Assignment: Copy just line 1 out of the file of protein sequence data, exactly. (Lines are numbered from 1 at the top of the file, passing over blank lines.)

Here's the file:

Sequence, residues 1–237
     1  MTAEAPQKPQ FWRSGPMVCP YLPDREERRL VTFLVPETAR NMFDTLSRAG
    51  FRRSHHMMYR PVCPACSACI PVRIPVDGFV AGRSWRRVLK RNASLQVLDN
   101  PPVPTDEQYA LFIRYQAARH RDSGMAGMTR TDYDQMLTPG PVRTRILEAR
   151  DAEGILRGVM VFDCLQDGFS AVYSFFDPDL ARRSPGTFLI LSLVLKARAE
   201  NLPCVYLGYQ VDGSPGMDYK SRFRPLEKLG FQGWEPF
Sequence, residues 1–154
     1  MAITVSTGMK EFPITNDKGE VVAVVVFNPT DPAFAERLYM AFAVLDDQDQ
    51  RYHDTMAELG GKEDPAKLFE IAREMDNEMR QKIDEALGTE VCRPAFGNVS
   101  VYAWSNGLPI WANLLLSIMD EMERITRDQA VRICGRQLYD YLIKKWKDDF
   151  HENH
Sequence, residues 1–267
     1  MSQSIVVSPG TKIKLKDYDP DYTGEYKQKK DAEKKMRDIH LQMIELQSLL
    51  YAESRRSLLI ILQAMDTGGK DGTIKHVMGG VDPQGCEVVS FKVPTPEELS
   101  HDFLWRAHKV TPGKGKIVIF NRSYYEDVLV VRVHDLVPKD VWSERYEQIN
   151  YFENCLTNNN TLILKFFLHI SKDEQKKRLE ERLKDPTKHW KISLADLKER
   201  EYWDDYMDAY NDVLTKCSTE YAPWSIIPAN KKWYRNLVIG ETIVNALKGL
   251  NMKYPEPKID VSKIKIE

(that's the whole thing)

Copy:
Sequence, residues 1–237